Aluminum electronic enclosures are superior in durability and strength under extreme conditions. The material can resist rust, flame, and UV. Aluminum is a naturally conductive metal that is excellent at shielding against electromagnetic waves and radio frequency interference. Thus, aluminum enclosures are perfect for projects involving independent circuitry and minimal interference. 

    Metal enclosures are also easy to paint and retain their shape over time. Typical finishes include natural aluminum, black anodized, or powder coating. Diecast metal enclosures eliminate concerns about possible seams or folds.

    Aluminum Electronic Enclosures from A&J Manufacturing

    The right enclosure will depend upon your application and budget. You should also consider the quantity needed and the environment for use.

    Electronic enclosures are a crucial part of important electronic systems. A&J Manufacturing is a leading manufacturer of standard and custom aluminum electronic enclosures. Contact us to see how we can help with your electronics project.

  5. Uses and Applications for Aluminum Extrusions

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    Using extruded aluminum to manufacture your electronic enclosures allows for elegant, low maintenance designs with increased design innovation possibilities AND the added benefit of green credentials. They have many uses and applications in the electronics, automotive, mass transit, aerospace, telecommunications, solar/renewable energy industries, and more.

    Extruded aluminum gets its strength from the addition of alloying elements. The most commonly used are silicon, iron, copper, magnesium, manganese and chromium. We stock Aluminum 6061-T6 and alloy 6063-T5 for the extrusion material which are alloyed with silicon and magnesium. The result is a corrosion-resistant, lightweight material that is available in medium to high-strength forms.

    Impact of the Extrusion Process

    Aluminum extrusion is a process for creating parts with specific cross-sectional profiles by pushing heated alloy material through a die. The shapes created can be solid, hollow or semi-hollow; and they can be simple or complex. The silicon in the 6000 series that we stock means those aluminum alloys extrude quickly and easily, which helps keep manufacturing costs down.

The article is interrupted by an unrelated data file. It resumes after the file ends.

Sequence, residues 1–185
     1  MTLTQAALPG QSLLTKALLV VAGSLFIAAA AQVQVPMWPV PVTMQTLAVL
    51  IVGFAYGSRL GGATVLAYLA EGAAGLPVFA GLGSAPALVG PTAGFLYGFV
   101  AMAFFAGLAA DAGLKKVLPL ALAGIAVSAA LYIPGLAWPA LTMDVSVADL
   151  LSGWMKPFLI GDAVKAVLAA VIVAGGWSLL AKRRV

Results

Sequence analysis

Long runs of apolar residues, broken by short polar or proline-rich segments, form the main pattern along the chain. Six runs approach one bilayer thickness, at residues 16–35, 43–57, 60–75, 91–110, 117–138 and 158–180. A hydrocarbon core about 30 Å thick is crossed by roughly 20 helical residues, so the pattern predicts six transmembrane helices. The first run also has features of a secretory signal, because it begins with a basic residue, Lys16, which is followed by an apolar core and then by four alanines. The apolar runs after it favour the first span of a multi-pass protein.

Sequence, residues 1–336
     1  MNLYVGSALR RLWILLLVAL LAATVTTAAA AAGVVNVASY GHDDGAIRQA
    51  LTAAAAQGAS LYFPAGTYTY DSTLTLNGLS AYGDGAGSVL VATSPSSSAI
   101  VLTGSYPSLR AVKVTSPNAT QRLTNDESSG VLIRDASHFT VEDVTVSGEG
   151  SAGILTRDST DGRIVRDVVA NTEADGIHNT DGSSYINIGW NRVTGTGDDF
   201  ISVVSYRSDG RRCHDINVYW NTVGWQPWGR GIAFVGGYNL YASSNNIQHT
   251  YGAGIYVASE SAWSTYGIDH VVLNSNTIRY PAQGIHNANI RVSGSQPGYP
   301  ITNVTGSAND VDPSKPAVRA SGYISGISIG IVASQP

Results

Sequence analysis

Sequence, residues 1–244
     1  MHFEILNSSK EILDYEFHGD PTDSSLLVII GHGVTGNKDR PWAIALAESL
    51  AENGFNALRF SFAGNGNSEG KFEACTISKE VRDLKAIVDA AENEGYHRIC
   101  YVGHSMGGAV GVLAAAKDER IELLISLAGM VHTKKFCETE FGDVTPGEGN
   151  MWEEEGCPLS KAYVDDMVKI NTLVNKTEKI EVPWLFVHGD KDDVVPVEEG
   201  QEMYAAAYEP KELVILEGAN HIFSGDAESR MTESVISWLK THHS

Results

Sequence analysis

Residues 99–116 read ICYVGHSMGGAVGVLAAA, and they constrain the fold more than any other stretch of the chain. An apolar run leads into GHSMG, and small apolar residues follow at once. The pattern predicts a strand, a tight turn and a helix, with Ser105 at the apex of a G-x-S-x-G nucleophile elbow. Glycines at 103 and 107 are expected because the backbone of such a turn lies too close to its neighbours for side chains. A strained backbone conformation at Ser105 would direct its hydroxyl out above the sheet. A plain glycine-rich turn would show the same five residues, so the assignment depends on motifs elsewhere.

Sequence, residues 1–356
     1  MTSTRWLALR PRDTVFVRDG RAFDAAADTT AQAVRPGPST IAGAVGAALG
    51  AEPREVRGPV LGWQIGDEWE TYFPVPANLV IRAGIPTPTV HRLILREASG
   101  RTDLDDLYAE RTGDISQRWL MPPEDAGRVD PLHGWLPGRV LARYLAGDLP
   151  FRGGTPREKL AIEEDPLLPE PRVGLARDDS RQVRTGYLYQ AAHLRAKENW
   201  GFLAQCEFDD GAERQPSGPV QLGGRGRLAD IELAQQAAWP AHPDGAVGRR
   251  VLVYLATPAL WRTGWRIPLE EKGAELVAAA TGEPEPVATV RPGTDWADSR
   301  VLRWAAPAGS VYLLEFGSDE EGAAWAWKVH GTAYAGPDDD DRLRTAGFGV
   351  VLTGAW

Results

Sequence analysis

What is the Difference Between Extruded and Cast Aluminum?

    As mentioned above, extrusion is a process by which aluminum billets are forced through a die. Whereas, casting is a process in which molten aluminum is poured into a mold and then solidifies into a desired pattern. Both have its advantages and disadvantages, but offer savings from reduced machining time.

    Advantages of Extruding Aluminum

    1. A generally competitive and economical production option especially when dealing with complex cross-sections. New shapes or designs are often available with short lead times, which helps with prototyping, testing, and new product launches.
    2. Produced with an excellent surface finish (no secondary machining required) and are typically stronger in comparison to cast aluminum.
    3. Fabrication is often greatly simplified since sections can be easily assembled together via interlocking vs. welding.

    Common Uses & Applications for Aluminum Extrusions

    • Strength-to-weight ratios are critical in several industries, including transportation. Aluminum extrusions are ideal for engine blocks, transmission housings, chassis of cars, boats, trucks, and railway and subway cars, as well as component parts for vehicles.
    • Aluminum conducts heat efficiently, so its commonly found in the heating and cooling devices of computers, audio/visual systems and other electronics
    • It is a naturally rust and corrosion resistant material due to the protective aluminum oxide film that bonds to it’s surface. It makes it an ideal material to use in outdoor electronic cabinets for utilities or photovoltaic systems for solar energy
    • The highly reflective characteristic of aluminum extrusions make them useful for shielding products from infrared radiation, light or radio waves.
    • Aluminum extrusions are a major element of military, aircraft and aerospace applications including: command tent structures, military vehicles and Navy ships (like the littoral combat ships), the International Space Station, aircraft and helicopters
  6. How A&J Is Tackling Customer Service

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    Customer service is a rapidly evolving discipline that plays a major role in the a company’s long-term success. And in honor of National Customer Service Week 2021, we’re highlighting what A&J is specifically doing to ensure that our happy customers continue to do business with us.